Somewhat oddly, this particular Austen commemoration was apparently inspired by a far sadder and more serious piece of public art: the Stolperstein (stumbling stone) project, originated in Germany in 1992, in which commemorative paving stones mark the last homes in which Holocaust victims lived before they emigrated, died, or were deported to concentration camps.


The launch of the more light-hearted Austen project was planned for October 28, but as local tour operator Phil Howe was installing the plaques, an enterprising thief apparently moved in right behind him. “Whoever stole them must have acted pretty quickly,” Howe told the local paper, “as the product I used to put them in place is pretty stern stuff once it sets.”


I'm still trying to figure out what value two brass plaques etched with a few random words could possibly have. Can you melt them down for scrap? Search me.


Just to add an extra touch of irony, however, one of the quotes rendered less than comprehensible by the plundering expressed the twenty-four-year-old Jane Austen’s unflattering evaluation of the available pickings at a local ball: “There was a scarcity of men in general, and a still greater scarcity of any that were good for much” (Letter #24 in Deirdre Le Faye’s standard edition of Austen’s correspondence).


The other quote – the opening sentence of Pride and Prejudice – is so familiar to Janeites that we could recite it even if a thief stole all its plaques.


Nevertheless, the local Austen boosters plan to replace the stolen items -- assuming the thief fails to behave as Jane Austen would certainly require, and return them at once.


By Deborah Yaffe, Oct 11 2018 01:00PM

Thirty-eighth in an occasional series of excerpts from Jane Austen's letters.


Some writers fill their letters with detailed responses to the works they read, providing a fascinating record of their literary tastes and influences.


Alas, Jane Austen was not such a writer. Her surviving letters offer only occasional tidbits about the books she has read, allowing us to deduce her love of, say, Richardson, Crabbe, and the anti-slavery activist Thomas Clarkson, but offering few details about what she found compelling in their work.


That makes the letter Austen began writing to her sister, Cassandra, exactly 205 years ago today (#91 in Deirdre Le Faye’s standard edition of Austen’s correspondence) an especially valuable artifact. Austen is on an extended visit with their brother Edward’s family at Godmersham Park in Kent while Cassandra remains home in Chawton; amid news of the comings and goings of relatives and visitors, Austen reports that she has been rereading a well-known contemporary novel, Mary Brunton’s 1811 Self-Control.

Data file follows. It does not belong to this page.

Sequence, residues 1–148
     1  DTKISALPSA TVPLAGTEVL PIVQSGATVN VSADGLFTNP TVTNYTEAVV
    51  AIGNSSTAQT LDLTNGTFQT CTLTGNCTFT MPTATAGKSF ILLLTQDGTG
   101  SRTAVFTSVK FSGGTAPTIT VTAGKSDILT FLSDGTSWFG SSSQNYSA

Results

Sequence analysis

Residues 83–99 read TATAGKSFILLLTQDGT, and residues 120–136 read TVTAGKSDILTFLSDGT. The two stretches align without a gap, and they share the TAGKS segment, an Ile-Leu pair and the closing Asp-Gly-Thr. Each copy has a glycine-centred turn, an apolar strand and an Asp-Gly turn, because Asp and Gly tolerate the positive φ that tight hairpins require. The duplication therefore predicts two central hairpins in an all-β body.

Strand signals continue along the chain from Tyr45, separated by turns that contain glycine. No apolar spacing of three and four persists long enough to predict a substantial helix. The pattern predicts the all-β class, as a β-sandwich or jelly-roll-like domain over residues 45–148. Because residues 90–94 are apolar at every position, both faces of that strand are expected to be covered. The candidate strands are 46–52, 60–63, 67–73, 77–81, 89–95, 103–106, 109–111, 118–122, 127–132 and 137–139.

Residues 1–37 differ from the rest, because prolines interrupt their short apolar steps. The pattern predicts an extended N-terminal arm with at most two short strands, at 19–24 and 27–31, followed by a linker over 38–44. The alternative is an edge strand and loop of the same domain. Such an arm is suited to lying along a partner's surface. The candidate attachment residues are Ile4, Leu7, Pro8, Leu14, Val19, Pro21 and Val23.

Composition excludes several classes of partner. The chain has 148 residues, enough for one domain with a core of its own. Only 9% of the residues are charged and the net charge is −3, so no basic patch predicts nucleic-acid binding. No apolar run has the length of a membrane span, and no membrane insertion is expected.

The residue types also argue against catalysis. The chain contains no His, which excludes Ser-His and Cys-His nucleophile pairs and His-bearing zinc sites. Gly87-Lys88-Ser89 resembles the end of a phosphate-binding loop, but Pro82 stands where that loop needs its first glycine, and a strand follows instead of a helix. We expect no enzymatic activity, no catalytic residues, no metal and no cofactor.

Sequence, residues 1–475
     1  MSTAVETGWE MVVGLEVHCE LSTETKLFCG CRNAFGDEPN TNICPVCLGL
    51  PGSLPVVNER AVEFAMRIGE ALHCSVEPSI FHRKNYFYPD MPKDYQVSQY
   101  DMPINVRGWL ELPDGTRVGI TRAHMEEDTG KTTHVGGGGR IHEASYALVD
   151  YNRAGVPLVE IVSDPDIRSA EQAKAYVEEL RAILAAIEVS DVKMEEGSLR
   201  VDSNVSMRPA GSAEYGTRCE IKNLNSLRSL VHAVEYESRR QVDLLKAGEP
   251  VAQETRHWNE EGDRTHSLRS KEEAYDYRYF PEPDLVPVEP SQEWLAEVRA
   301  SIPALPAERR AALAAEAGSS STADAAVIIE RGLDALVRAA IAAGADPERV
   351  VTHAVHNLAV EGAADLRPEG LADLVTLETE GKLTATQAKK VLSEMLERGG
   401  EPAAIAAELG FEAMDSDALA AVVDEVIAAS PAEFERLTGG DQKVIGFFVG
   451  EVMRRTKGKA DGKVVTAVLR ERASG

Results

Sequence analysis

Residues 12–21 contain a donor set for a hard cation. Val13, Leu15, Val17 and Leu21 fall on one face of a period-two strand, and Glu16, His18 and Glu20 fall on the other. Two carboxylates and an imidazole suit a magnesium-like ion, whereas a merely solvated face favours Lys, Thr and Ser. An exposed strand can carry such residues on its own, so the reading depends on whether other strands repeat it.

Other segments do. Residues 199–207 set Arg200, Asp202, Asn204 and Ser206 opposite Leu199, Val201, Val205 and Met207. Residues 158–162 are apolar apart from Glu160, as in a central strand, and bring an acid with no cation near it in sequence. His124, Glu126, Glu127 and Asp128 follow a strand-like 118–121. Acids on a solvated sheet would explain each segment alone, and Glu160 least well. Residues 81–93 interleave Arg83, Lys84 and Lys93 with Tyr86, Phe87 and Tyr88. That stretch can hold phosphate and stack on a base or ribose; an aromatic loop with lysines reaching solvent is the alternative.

I must confess that I have never read Self-Control. For details of its plot -- which features sustained sexual harassment, adultery, a duel, an international kidnapping, and the heroine’s desperate flight from a would-be rapist via Indian canoe – I turned to Wikipedia, ever the lazy student’s friend.


Though little-known today, in its time the novel made a big enough splash that two years earlier Austen had confessed to some trepidation about reading it: “am always half afraid of finding a clever novel too clever--& of finding my own story & my own people all forestalled,” she told Cassandra (Letter #72).


By 1813, however, those fears were past. “I am looking over Self Control again, & my opinion is confirmed of its’ being an excellently-meant, elegantly-written Work, without anything of Nature or Probability in it,” Austen writes. “I declare I do not know whether Laura’s passage down the American River, is not the most natural, possible, every-day thing she ever does.”


It’s not that Austen entirely eschews the melodramatic elements of Brunton’s plot. Adultery, sexual harassment, and dueling do make their way into Austen’s novels, but she is at pains to confine them within the bounds of the everyday -- because, as she makes clear here, her bottom-line commitment is to the realistic and the natural, which she privileges above the artistically pleasing (“elegantly-written”) and the morally praiseworthy (“excellently-meant”).


It’s not much, I admit, but for those of us starved for any sense of Austen’s literary-critical outlook, it’s something.